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Be careful with chopsticks

Japanese soba

Food is an art form in Japan. Cherished for centuries. And there are important etiquette rules attached it. Particularly with chopsticks… note these down:

  • • Don’t leave your chopsticks standing vertically in your food (this is a funeral ritual!)
  • • Don’t rest your chopsticks on your bowl or rub them together
  • • Don’t pass food from one chopstick to another
  • • Don’t stab food with a chopstick
  • • Don’t drench your sushi rice in soy sauce, dip the fish side in lightly

It’s respectful to say “itadakimasu” (before eating) and “gochisōsama desu” (after eating) so say “thank you!” for the food. Fun fact: slurping is not rude – it shows how delicious you find the food! Still with us? Get ready to taste the most mouth-wateringly delicious food of your life. And don’t worry, good Japanese cultural etiquette means you are not expected to tip in Japan.

Business cards are sacred

Japanese business cards

Home to the 3rd largest global economy and mega-companies like Toyota, Honda and Sony – Japan has become a hotspot in the business world. Thinking of working here? Our top tip is to treat business cards with absolute care. When giving (and receiving) a card, hold it at the corner so that names and logos are visible. Gently bow and hand over it over with your right hand. As a sign of respect when receiving one, inspect it closely, then place it in a cardholder. Never write on it or put it away in your pocket or wallet.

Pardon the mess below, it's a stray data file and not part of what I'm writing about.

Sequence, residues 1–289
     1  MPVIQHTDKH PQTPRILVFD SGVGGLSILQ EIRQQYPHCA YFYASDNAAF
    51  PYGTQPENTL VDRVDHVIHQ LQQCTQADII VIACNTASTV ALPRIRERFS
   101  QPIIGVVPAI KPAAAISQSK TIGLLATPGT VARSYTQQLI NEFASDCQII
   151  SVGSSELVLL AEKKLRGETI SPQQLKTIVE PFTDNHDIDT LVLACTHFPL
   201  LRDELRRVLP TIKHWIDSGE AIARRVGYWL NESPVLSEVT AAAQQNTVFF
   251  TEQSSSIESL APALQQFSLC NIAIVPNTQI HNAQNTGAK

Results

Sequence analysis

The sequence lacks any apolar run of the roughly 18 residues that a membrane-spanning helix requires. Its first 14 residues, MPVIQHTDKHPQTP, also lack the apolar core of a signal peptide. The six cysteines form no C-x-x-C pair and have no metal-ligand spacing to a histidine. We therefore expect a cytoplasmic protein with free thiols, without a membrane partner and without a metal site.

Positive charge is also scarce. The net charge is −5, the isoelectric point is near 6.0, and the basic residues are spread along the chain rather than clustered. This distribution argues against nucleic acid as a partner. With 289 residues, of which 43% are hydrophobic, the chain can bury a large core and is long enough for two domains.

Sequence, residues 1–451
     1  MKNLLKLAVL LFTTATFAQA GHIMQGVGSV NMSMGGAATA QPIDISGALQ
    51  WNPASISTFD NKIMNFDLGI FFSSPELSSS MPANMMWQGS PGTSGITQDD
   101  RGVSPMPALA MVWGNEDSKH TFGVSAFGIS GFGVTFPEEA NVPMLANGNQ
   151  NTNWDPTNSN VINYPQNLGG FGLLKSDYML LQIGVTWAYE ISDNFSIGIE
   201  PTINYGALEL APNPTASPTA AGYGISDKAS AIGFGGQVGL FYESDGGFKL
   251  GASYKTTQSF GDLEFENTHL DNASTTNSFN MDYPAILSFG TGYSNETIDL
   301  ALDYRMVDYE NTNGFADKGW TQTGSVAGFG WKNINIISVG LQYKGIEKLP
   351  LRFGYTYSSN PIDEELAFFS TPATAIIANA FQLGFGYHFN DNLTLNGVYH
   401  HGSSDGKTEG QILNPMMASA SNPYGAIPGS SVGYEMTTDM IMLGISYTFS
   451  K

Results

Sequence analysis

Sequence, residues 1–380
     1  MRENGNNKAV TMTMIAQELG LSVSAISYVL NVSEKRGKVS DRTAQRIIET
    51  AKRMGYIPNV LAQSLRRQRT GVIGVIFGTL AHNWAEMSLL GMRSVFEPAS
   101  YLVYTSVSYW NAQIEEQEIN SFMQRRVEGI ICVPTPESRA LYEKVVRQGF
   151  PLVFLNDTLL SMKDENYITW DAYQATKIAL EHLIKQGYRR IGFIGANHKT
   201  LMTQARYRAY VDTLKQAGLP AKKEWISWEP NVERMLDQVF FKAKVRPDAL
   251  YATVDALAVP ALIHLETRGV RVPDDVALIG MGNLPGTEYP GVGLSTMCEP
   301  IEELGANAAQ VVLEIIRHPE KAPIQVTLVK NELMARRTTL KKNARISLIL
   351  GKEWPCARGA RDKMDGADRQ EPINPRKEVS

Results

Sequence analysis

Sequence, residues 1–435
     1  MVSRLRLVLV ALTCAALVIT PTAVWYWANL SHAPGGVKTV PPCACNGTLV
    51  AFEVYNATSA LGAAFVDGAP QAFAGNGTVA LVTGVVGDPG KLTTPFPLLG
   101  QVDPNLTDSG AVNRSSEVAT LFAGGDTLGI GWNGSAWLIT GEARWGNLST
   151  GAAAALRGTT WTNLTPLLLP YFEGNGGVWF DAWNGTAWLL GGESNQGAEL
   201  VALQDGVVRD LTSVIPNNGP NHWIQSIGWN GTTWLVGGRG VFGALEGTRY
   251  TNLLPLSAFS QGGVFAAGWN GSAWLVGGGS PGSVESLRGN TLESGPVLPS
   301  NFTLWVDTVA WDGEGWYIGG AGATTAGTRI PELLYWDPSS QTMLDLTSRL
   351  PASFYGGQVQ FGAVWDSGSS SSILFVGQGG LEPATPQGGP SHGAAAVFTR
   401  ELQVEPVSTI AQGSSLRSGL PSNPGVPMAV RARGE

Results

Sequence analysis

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Don’t eat and drink while walking

walking in Japan

How many times have you scoffed down something to eat on-the-go? In contrast, it’s considered disrespectful to eat and drink and smoke on the move in Japan. Instead, if after something quick, many use Japan’s vending machines jidōhanbaiki (自動販売機) and eat or drink at them. And look for designed smoking areas.

Take your rubbish home

First time visitors will be amazed how clean the streets of Japan are. With very little graffiti and hardly any bins on show, you’re expected to your rubbish home with you when you’re out. Never, ever litter. Put rubbish in a bag or your pocket.